If you are looking for an answer to the question What is Artificial Intelligence? and you only have a minute, then here's the definition the Association for the Advancement of Artificial Intelligence offers on its home page: "the scientific understanding of the mechanisms underlying thought and intelligent behavior and their embodiment in machines."
However, if you are fortunate enough to have more than a minute, then please get ready to embark upon an exciting journey exploring AI (but beware, it could last a lifetime) …
Sloman was one of the first in the AI community to write about the role of emotion in computing (Sloman and Croucher 1981), and I value his insight into theories of emotional and intelligent systems. Alas, Sloman's review dwells largely on some details related to unknown features of human emotion; hence, I don't think the review captures the flavor of the book. However, he does raise interesting points, as well as potential misunderstandings, both of which I am grateful for the opportunity to comment on. Sloman writes that I "welcome emotion detectors in a wide range of contexts and relationships, for example, teacher and pupil." This might sound innocuous, but its presumption of the existence of emotion detectors is not.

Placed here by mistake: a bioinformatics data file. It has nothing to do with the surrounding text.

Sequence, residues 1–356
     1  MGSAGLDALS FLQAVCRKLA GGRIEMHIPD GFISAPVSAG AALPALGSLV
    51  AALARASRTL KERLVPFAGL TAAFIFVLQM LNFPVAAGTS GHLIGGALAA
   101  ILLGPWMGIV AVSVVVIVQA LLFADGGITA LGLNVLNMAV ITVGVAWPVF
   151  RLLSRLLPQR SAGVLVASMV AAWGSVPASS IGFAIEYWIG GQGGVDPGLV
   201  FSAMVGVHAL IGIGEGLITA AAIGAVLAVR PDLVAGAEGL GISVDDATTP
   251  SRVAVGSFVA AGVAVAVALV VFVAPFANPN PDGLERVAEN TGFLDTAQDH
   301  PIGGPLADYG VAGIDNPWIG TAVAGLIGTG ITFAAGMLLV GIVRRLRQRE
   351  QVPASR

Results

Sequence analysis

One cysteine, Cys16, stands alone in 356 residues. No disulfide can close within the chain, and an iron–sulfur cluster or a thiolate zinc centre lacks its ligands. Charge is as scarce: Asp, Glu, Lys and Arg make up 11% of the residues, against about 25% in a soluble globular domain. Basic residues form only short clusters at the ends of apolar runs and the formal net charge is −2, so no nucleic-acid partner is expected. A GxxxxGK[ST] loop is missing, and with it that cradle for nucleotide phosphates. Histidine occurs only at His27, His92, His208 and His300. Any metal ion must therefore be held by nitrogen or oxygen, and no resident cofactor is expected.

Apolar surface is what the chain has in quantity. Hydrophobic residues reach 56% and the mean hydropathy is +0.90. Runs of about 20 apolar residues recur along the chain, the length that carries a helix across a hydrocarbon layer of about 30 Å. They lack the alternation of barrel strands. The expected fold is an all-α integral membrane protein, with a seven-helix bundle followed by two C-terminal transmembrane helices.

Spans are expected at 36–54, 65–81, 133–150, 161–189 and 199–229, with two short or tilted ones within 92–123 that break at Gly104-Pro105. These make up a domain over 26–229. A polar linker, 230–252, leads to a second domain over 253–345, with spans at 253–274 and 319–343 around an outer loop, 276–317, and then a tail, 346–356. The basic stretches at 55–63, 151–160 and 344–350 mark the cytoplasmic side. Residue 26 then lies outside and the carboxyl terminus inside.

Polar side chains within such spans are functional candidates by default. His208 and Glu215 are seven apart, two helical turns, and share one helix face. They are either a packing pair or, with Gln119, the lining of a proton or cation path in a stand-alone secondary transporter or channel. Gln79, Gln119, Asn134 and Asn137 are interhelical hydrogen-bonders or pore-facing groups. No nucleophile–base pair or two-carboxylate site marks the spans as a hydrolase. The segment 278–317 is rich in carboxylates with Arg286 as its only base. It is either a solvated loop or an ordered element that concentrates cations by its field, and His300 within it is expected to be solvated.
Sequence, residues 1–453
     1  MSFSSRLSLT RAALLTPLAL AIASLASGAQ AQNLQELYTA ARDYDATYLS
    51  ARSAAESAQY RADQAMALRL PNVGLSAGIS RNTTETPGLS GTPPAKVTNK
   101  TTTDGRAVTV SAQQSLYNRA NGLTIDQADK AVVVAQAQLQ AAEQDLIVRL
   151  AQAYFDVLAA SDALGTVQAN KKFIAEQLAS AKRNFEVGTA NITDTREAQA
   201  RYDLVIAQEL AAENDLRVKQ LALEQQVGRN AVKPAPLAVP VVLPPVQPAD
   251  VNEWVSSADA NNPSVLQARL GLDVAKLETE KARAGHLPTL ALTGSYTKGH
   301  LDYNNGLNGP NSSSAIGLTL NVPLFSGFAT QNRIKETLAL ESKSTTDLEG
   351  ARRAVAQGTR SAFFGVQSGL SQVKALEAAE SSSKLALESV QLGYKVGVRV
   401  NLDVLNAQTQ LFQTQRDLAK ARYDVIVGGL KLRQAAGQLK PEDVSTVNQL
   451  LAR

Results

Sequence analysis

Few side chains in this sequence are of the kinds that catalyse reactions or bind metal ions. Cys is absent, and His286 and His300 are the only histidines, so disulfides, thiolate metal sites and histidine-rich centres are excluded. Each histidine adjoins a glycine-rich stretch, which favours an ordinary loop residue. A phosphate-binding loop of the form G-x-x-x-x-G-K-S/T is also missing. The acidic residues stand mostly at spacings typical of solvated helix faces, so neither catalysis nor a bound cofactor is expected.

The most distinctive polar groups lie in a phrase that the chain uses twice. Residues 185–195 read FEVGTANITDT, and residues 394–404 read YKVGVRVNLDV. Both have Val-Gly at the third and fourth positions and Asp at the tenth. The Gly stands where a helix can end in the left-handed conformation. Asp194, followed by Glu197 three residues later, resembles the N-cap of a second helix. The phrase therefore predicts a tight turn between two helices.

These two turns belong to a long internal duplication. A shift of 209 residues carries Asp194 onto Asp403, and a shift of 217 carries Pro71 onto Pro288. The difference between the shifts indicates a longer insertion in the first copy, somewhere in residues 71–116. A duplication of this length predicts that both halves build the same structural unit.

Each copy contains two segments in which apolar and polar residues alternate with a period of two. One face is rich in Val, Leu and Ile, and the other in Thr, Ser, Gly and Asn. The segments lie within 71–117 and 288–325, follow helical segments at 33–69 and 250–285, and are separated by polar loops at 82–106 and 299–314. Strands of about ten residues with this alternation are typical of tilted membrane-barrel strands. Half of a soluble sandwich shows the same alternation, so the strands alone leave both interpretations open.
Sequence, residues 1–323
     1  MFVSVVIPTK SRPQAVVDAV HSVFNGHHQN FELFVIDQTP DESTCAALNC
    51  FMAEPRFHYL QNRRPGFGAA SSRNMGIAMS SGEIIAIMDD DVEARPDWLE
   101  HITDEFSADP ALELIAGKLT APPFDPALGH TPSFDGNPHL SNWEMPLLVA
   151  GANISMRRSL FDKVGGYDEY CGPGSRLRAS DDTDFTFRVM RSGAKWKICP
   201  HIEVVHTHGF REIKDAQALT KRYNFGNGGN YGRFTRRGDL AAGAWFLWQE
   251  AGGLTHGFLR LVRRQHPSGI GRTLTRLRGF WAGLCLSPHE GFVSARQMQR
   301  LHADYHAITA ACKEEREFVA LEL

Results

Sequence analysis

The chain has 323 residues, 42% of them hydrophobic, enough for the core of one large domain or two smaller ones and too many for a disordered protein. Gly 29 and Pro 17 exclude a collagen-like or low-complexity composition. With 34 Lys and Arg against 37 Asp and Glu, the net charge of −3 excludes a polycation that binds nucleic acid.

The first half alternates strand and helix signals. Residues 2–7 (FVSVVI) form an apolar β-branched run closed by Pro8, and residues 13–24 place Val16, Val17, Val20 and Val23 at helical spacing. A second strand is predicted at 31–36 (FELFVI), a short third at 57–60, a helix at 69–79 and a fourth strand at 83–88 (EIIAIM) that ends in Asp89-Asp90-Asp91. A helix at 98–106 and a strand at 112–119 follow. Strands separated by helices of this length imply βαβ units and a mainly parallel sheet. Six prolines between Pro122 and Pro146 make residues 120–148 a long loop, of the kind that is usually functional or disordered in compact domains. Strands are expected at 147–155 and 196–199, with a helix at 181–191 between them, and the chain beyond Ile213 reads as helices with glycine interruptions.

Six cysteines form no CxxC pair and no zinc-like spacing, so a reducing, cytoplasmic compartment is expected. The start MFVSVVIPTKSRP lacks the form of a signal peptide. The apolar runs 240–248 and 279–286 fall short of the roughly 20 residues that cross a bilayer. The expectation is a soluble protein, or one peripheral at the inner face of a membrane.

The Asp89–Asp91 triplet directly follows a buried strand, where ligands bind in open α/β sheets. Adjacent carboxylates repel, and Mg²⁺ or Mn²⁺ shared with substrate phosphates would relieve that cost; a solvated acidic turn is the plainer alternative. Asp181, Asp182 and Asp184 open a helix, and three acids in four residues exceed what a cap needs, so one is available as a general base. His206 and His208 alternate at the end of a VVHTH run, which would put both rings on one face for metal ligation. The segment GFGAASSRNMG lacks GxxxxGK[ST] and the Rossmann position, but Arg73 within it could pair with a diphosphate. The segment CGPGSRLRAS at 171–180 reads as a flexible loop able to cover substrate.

Under the auspices of the Humaine Association (now called the Association for the Advancement of Affective Computing, AAAC), the ACII conference series has become an important international forum for research on affective human-machine interaction and intelligent affective systems. Affect is a phenomenon of substantial importance in most if not all of human activities. This ACII conference therefore strived to emphasize the humanistic side of affective computing by promoting research at the crossroads between engineering and human sciences, including biological, social, and cultural aspects of human life. This has been exemplified by conference topics as varied as computerized psychological emotional modeling; art and cinema studies; gaming; learning; depression, stress, and anxiety management; robots, avatars, and virtual worlds; social media analysis; pattern recognition, classification, and data mining; real-time and embedded affective systems; and others. All have in common affect and emotions, with an emphasis on a computational view of emotion.
Report on the 2013 Affective Computing and Intelligent Interaction Conference (ACII 2013) Abstract The 2013 Affective Computing and Intelligent Interaction Conference (ACII 2013)- was held in Geneva, Switzerland, September 2-5, 2013. The 2013 Affective Computing and Intelligent Interaction Conference (ACII 2013)- was held in Geneva, Switzerland, September 2-5, 2013.